This week my library held our annual Graphic Novel Symposium, which was a great program emphasizing diversity, creativity, and community . This event is essentially a mini con but is aimed at the curriculum. The conversations were thoughtful and engaging, and I thought that TTW readers may enjoy them. Here are the links: Graphic Novels and Their Use as Tools of Tolerance and Diversity Eric Kallenborn, Ronell Whitaker, and Claire Overton YouTube Link: https://www.youtube.com/watch?v=lUHy5vqFL40&index=15&list=PLEenmBjMCRGg81l_w-fF8ywZivwQmlbR3 Generation Next: How to Keep Nerd Communities Growing Carlye Frank, Dawn Xiana Moon, Michi Trota, and Ytasha Woman YouTube Link: https://www.youtube.com/watch?v=lqzlBX0LNgM&list=PLEenmBjMCRGg81l_w-fF8ywZivwQmlbR3&index=13 From Pencils to Print: Small […]
Since Heather Jagman and I co-edited our book Not Just Where to Click: Teaching Students How to Thing About Information, I have enjoyed several email exchanges with librarians around the country focusing on topics of the book. The larger theme of these conversations center on the larger concepts around information literacy beyond the mechanics of searching. It seems that our profession has long recognized that information literacy is more than using a library, and it is more than just searching Google. But, we are just now entering a time of broader discussion about the dispositions, modes of thinking, and levels of understanding […]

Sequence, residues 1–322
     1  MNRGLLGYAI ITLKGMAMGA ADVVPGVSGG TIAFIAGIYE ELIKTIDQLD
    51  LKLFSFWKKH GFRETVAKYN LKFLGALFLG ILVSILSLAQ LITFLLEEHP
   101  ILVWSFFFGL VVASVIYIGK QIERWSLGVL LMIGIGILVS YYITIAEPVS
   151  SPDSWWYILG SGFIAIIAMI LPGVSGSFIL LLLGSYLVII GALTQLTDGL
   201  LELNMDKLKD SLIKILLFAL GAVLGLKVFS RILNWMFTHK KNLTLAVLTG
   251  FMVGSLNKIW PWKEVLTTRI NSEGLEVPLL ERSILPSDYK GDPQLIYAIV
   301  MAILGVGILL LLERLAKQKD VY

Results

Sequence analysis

For me, summer time is important prep time as we get ready for our fall programming. This year, our One Book, One College program is looking at the book Illegal: Reflections of an Undocumented Immigrant by José Ángel N. who is an alum. This book was suggested by several of our faculty . To promote the programming for the academic year, a couple colleagues and I interviewed our One Book author. It was a fun and meaningful conversation. I thought it would be fun to share this with all of you Tame the Web readers. I love tinkering around with videos like this. Interview […]
This is an interview I did with Brian Mathews originally posted on his blog The Ubiquitous Librarian which is part of the Chronicle Higher Education blog network. His blog (which has been awesome for many years) will soon end as the Chronicle ends its blog network, so Brian gave me permission to also post the interview here. I am appreciative of the good and honest thinking Brian has provided our profession over the years. BM: You have stated that librarians have long been champions of intellectual freedom and that you see critical information literacy as an extension of this value. […]